Dinosaur Jr.: 30 years of You’re Living All Over Me

30 years ago today, on December 14th, 1987, Dinosaur Jr. released their timeless second album, You’re Living All Over Me.

The album was originally released on SST Records when the band were still known as just Dinosaur, and the initial pressing of the album omits Jr. from the band name. After a lawsuit forced the band to change their name, SST recalled all units and had the album repressed with the extended name. Some copies of the record had already been circulated, making those in existence incredibly collectable, and still changes hands to this day for over £125.

The album arguably has some of Dinosaur Jr.’s best work, and expanded on their 1985 debut. It was the transitional point of the band moving from the harder edge punk sound of their formative days, into the charming hooks that would follow. It is an important part in Dinosaur Jr.’s history, and is rightfully revered among the alternative rock scene.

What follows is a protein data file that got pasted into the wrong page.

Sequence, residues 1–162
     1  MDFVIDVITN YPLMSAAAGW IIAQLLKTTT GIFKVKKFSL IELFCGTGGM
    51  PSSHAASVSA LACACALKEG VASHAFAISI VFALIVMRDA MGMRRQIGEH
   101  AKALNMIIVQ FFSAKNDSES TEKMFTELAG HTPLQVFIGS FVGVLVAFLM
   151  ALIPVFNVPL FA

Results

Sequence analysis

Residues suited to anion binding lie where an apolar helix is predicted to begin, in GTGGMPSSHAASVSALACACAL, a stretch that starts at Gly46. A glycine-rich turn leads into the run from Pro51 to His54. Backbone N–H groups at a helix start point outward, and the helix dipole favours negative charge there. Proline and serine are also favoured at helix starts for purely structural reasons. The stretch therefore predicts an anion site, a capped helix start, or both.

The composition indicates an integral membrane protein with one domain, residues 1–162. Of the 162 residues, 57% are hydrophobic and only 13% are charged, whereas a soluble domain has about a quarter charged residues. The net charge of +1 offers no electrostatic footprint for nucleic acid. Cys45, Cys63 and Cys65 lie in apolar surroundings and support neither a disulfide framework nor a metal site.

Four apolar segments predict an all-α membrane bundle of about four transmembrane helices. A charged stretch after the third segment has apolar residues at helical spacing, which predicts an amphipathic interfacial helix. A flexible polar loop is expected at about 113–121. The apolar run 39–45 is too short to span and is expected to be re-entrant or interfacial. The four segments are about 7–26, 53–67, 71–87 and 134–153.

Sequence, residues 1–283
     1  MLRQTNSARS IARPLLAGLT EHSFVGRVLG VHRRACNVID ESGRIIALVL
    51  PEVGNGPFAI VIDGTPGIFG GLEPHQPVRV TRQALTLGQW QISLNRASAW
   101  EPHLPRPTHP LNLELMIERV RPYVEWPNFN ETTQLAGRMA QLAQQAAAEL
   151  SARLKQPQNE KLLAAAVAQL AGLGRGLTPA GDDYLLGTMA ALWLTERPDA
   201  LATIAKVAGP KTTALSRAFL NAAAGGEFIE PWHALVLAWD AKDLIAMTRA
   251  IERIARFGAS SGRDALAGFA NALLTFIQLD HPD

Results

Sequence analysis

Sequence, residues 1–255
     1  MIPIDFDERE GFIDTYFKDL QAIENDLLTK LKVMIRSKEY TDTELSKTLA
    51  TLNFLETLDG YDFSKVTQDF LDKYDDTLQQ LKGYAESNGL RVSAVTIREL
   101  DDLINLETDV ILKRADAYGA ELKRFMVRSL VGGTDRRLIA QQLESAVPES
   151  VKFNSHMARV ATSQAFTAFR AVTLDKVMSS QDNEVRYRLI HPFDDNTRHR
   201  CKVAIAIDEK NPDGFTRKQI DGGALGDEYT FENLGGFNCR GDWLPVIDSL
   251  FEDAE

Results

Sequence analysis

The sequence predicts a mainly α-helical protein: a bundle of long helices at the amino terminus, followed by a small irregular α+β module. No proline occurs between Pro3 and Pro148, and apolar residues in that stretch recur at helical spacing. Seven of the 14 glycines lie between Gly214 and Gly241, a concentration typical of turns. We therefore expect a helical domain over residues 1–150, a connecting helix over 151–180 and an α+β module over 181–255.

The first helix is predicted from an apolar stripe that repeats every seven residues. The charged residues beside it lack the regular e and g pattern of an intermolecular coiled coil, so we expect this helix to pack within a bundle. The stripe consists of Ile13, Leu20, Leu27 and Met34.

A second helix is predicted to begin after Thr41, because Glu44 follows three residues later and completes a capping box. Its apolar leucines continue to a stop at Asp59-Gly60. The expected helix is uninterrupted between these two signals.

Before Nirvana blew up the airwaves with Nevermind in 1991, J Mascis was the unassuming poster boy slacker rock. While Kurt Cobain would voice a generations angst and frustration, J Mascis was the shoulders shrugged, ‘whatever, man’ attitude that resonated with the college-aged youth of America. Perhaps it was a little stoner-chic, but the songs that Mascis was writing were way ahead of their time; It was Husker Du and The Lemonheads turned up to 11.

Little Fury Things remains a staple of the bands setlists to this day, is the quintessential Dinosaur Jr track. It was the perfect example of Mascis’ method of trying to play the guitar as hard as he played drums in his pre-dino outfit, Deep Wound. It was a nice dichotomy against the lovelorn narrative, which played a part in many of the tracks on You’re Living All Over Me. Even the romantic bewilderment of In a Jar is met with the trio’s searing cacophony, as Mascis pines, “I just want to know what you’re nice to me for.”

Revisiting You’re Living All Over Me three decades later it still puts a smile on your face and warmth in your heart. It’s the kind of album you relate to a time in your life, and you never forget where you were the first time you heard it.

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